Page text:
The director of the National Archaeological Museum gives a lecture on the repatriation of Greek cultural property

The Director of the National Archaeological Museum of Greece (NAM), Dr. Anna Vasiliki Karapanagiotou, presented a seminar on the mezzanine floor of the Delphi Bank of the Greek Center on Tuesday, April 26, outlining recent developments in the campaign for the repatriation of Greek cultures.

The presentation, available online in Australia and the United States, was organized by the Greek community of Melbourne on the eve of the launch of the Open Horizons exhibition at the Melbourne Museum, which features a selected collection from NAM.

GCM Board Member Dr. Spiridoula Demetriou introduced Dr. Karapanagiotou highlighting his incredible professional achievements.

“I was very pleased to receive an invitation from the GCM to talk about the repatriation of Greek cultural property and the role of the National Archaeological Museum and I accepted without hesitation,” said Dr Kapapanagioutou, explaining the Greek government’s policy on the issue of cultural repatriation. artifacts such as St. Mark’s horses.

The guests listen attentively to Dr. Karapanagiotou’s lecture. Photo: Supplied

Dr. Karapanagiotou also shed light on the origins of the debate over the ownership of cultural objects from antiquity. One example was the theft of the Paladion by Odysseus and Diomedes with the thought that if they stole it, it would lead to the capture of Troy.

Later in her fascinating presentation, the NAM director referenced the book Medici Conspiracy which exposes the latest version of one of the oldest con artists in the world: theft, smuggling and fraudulent trafficking, all in the name of art.

After the presentation, GCM Cultural Programs Chair Leo Vlahakis expressed his gratitude and enthusiasm for NAM’s efforts to repatriate Greek cultural property.

“While we are all very aware of the far-reaching campaign around the Parthenon Marbles, it was both interesting and encouraging to hear Dr. Karapanagiotou explain the work that NAM is doing in this most important issue not only for Greece and its cultural heritage, but for all societies that look to their history to help define their identities and seek compensation for the colonial grip of the past 500 years,” he said.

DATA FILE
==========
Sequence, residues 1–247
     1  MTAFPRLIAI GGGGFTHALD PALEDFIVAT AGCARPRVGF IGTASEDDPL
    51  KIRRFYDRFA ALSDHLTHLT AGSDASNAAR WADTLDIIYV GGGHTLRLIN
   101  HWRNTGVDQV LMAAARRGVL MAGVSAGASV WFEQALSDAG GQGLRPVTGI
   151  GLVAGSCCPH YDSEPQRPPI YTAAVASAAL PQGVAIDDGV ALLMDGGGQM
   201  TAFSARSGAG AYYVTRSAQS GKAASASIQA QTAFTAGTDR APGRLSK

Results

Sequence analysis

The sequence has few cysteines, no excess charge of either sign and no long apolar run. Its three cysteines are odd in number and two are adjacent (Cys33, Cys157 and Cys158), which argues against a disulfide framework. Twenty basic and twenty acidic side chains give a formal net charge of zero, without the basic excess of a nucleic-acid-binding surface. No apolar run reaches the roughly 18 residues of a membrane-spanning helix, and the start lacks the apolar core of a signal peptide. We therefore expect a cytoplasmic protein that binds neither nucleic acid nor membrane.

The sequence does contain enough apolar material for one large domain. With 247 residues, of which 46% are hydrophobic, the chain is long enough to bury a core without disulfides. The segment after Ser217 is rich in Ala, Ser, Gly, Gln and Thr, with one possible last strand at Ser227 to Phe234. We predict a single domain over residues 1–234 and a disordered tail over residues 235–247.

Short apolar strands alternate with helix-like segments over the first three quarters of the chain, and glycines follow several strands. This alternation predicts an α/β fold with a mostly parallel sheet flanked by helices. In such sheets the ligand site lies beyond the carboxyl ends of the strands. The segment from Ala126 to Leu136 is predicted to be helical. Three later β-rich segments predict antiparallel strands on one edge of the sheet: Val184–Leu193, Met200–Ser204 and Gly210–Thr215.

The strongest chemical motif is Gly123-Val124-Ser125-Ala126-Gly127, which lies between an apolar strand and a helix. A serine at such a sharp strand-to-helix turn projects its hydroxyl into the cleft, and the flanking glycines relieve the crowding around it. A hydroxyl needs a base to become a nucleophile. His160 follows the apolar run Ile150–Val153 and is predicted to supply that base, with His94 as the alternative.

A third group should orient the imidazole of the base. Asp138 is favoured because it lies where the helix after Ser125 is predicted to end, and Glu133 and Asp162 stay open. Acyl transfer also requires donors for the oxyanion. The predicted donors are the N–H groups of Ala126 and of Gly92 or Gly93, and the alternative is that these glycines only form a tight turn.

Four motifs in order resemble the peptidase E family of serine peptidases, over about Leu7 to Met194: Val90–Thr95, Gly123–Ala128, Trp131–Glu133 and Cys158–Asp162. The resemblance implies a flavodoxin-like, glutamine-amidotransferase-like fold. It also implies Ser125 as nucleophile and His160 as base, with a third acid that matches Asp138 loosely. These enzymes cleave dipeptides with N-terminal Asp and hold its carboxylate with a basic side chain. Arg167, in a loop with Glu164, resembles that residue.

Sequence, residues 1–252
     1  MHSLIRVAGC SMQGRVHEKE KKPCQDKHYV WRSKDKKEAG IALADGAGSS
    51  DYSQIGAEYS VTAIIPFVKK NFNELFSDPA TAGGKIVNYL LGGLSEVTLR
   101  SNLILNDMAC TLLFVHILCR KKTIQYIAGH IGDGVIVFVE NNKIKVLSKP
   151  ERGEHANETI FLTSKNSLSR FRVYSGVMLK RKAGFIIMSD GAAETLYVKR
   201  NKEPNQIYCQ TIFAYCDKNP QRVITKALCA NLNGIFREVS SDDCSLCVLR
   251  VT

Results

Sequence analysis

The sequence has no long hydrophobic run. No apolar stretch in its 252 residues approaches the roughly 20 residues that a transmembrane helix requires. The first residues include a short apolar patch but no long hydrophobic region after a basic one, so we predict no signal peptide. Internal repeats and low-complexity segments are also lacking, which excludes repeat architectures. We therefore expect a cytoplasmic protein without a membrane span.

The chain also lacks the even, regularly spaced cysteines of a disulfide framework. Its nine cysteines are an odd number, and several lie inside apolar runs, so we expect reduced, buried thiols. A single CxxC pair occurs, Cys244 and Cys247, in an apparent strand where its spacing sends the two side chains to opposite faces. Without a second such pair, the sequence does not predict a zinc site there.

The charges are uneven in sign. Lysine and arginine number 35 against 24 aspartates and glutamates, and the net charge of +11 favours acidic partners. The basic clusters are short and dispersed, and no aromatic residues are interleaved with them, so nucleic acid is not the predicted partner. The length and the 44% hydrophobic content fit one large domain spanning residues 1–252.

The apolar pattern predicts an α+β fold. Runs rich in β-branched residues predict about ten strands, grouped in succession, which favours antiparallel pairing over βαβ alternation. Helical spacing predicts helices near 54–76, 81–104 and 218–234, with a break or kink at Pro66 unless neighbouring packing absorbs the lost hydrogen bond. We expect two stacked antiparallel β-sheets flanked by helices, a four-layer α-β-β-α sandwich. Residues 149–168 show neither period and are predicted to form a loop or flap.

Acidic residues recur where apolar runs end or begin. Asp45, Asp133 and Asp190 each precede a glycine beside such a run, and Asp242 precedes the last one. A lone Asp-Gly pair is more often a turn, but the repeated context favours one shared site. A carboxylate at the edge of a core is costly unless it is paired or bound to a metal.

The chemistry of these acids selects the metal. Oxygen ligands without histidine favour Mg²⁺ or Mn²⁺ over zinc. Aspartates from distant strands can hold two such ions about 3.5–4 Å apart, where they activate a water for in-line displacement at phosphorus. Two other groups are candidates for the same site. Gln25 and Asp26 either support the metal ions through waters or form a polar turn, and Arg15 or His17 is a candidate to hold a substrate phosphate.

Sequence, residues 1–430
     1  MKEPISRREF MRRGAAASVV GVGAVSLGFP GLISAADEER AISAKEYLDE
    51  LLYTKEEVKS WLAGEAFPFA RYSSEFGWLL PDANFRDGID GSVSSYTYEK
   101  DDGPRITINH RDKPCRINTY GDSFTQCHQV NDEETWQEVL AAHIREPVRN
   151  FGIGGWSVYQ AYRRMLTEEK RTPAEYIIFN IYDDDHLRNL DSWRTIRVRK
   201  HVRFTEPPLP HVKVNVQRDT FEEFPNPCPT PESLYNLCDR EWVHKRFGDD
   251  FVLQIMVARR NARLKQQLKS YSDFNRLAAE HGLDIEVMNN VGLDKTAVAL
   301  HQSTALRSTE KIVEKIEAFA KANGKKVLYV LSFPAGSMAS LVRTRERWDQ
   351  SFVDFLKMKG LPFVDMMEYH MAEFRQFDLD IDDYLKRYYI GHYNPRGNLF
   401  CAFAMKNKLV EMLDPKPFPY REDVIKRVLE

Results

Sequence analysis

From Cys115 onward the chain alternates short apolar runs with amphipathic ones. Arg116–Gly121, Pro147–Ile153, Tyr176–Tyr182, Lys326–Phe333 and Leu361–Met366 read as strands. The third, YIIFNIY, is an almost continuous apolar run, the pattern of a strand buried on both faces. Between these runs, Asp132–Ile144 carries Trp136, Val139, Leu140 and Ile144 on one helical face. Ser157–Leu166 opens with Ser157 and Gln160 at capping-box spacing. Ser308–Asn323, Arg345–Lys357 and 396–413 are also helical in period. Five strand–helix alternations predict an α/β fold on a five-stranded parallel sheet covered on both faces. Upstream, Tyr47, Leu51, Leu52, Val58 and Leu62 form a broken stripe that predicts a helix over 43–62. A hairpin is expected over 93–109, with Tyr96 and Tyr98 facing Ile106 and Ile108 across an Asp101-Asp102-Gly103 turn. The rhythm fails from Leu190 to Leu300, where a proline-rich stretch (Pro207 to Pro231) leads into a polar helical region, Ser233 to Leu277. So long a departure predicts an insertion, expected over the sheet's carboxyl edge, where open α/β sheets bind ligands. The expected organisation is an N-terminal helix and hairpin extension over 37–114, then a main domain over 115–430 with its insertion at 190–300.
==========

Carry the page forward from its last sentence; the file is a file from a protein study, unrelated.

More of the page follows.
Ms. Varvara Ioannou, a member of the Melbourne Museum’s Community Advisory Group, took to the podium and presented Dr. Karapanagiotou with a copy of her recently published book, ‘Her Voice, Greek Women and Their Friends’.

“We would like to express to you our congratulations and gratitude for your most inspiring and remarkable and conclusive presentation, your knowledge and passion for this field is second to none and all of us here will remember your presentation for as long as we live” , said Ms. Ioannou.

Dr Anna Karapanagiotou receives a commemorative plaque to mark her visit and presentation among members of the GCM and the Melbourne Museum. Photo: Supplied

Mr. Vlahakis joined GCM President Bill Papastergiadis, Dr. Demetriou and board members Dr. Bossinakis, Assistant Professor Marini Piripiris, Vicki Kyritsis, Dr. Nick Dallas, Jeana Vithoulkas and Helen Hiotis , to present Dr. Karapanagiotou with a commemorative plaque to mark his visit and presentation.

Dr. Karapanagiotou’s presentation can be viewed on demand on the GCM YouTube channel.

The Open Horizon exhibition showing pieces from the National Archaeological Museum of Greece runs at the Melbourne Museum until August 14.

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